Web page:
Cavalier Spineless Burr Medic

Cavalier Spineless Burr Medic

Medic proves long term pasture viability

Medic helps boost pasture performance

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Sponsored: Spineless Burr Medic boosts pasture performance despite tough season.

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This article is sponsored by Pasture Genetics.

Based on advice from his local agronomist, John Xuereb of “Ullingala” at Twelve Mile Creek in central west New South Wales, added Pasture Genetics’ Cavalier Spineless Burr Medic to his pasture legume blend, and is impressed with his results despite a tough season.

The Cavalier Spineless Burr Medic was planted in March on the back of some good rainfall.

The pasture base established well due to the high levels of soil moisture.

Although, following this initial late summer rain, “Ullingala” experienced a dry autumn and winter.

The pasture only received 12 millimetres of rain throughout this period. So it struggled with minimal moisture, but survived and proceeded to produce a seed crop.

“To my surprise, the Cavalier Spineless Burr Medic not only persisted, it has actually podded and produced viable seed,” Mr Xuereb said.

Cavalier Spineless Burr Medic is the most adaptable medic on the market.

Cavalier Spineless Burr Medic is the most adaptable medic on the market.

Cavalier Spineless Burr Medic is a hard seeded, low rainfall medic, which can tolerate soil conditions down to 4.5 in pH calcium chloride (CaCl).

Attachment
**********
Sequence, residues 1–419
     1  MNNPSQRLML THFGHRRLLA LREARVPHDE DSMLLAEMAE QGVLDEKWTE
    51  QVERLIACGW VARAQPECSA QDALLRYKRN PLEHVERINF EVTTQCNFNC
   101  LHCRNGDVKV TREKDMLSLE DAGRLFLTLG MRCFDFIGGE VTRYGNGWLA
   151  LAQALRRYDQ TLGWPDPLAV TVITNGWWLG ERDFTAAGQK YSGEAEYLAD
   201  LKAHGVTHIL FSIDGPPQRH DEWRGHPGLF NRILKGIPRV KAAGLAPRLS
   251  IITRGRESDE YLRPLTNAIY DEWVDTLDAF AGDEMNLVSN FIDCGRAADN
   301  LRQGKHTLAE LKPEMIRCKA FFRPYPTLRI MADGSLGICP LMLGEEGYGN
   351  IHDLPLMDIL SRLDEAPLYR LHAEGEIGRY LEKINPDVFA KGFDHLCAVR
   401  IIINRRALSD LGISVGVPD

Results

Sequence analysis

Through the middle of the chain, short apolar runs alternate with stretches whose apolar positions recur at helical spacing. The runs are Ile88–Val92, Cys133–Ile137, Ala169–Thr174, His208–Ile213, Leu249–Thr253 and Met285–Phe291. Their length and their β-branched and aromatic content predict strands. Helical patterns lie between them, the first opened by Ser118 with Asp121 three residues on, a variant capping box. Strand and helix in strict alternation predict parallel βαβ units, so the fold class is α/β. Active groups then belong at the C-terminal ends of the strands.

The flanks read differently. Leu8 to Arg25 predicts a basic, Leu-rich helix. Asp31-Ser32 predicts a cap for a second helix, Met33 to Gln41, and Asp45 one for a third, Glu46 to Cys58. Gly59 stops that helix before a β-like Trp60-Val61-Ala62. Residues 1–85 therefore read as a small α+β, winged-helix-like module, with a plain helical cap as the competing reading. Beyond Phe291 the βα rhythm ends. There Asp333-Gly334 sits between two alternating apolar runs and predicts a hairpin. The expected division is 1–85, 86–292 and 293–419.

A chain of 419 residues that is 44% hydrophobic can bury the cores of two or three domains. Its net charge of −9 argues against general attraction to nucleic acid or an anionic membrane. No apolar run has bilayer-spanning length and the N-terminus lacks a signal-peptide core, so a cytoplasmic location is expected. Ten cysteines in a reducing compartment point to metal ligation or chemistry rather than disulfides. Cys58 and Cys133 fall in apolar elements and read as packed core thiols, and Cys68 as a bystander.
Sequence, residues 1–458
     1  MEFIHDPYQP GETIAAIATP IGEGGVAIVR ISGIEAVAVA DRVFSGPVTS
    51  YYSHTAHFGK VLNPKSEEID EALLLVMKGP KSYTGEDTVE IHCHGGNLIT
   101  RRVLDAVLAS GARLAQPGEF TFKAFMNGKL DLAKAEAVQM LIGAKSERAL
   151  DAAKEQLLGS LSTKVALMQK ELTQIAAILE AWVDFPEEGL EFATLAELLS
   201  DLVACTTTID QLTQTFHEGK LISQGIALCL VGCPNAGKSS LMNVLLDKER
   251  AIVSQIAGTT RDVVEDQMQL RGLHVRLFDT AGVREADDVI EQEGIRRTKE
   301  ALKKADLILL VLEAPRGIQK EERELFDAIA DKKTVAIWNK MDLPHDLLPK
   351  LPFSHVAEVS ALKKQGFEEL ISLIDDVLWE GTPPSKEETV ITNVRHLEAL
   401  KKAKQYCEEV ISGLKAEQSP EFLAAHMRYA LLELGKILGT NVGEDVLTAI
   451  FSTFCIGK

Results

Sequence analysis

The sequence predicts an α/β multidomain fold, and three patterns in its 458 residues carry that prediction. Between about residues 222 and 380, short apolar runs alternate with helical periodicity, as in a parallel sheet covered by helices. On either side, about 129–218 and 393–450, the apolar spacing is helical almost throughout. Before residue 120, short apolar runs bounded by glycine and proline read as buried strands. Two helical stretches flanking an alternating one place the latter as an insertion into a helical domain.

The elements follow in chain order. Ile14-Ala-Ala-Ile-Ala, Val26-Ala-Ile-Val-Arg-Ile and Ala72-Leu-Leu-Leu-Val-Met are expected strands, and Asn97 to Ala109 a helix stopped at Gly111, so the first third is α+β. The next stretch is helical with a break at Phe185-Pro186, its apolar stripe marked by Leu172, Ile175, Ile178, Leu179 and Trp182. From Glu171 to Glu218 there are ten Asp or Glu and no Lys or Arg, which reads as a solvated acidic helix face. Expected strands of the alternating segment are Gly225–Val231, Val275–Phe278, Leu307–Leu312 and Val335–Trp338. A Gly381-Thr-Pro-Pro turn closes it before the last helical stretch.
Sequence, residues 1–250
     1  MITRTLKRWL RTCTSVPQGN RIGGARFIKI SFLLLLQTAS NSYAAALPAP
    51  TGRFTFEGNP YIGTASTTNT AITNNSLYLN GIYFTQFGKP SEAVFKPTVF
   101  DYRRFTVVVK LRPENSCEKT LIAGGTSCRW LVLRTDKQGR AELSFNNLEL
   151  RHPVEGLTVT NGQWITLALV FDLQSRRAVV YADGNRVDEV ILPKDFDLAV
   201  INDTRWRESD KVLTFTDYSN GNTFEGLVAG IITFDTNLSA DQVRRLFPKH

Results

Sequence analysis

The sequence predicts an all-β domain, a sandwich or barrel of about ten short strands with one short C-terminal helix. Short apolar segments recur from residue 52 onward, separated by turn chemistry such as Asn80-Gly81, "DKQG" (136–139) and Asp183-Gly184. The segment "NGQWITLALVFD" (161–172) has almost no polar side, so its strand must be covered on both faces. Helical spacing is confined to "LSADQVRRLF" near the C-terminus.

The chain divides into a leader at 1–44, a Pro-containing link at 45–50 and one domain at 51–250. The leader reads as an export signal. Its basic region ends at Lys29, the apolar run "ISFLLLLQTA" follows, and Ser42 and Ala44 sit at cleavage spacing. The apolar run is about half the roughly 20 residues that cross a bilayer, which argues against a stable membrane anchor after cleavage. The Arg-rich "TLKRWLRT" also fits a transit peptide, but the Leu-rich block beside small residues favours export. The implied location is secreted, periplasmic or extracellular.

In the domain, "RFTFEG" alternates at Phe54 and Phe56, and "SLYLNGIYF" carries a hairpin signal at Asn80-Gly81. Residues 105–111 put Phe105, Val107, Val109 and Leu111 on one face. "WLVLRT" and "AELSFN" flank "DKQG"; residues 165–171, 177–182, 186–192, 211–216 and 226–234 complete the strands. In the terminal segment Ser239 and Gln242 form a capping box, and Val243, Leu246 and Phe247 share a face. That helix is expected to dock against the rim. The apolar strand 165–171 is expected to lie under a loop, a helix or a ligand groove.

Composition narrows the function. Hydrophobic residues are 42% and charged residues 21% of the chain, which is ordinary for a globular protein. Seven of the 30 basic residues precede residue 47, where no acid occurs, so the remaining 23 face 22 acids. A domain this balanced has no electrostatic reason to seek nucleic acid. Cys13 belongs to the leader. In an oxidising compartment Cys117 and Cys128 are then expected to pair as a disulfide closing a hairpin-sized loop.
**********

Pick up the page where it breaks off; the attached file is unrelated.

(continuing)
It is a prostrate medic, which ideally likes loam type soils, but will grow in sandy through to heavier soil types.

As it is both hard seeded and a prolific seeder, Cavalier Spineless Burr Medic has long term viability in a pasture situation.

Cavalier Spineless Burr Medic is well suited as a companion species to other Pasture Genetics varieties; Cobra Balansa Clover, Zulumax Arrowleaf Clover, Dalsa Sub Clover and Hatrik Sub Clover.

Another great companion to Cavalier Spineless Burr Medic is Pasture Genetics’ L70 Lucerne, as the Cavalier Spineless Burr Medic is a highly active winter species and the accompanying lucerne is a plentiful summer legume.

These two varieties work well together as Cavalier Spineless Burr Medic has an early heading date, meaning the medic has seeded down prior to a hot late spring or early summer. 

So even in tough conditions the survival rate is high, as proven here; leaving the lucerne to provide feed in the summer.

“Having now seen its performance, I’ll be looking to plant more Cavalier Spineless Burr Medic in my pastures next autumn,” Mr Xuereb concluded.

This article is sponsored by Pasture Genetics.

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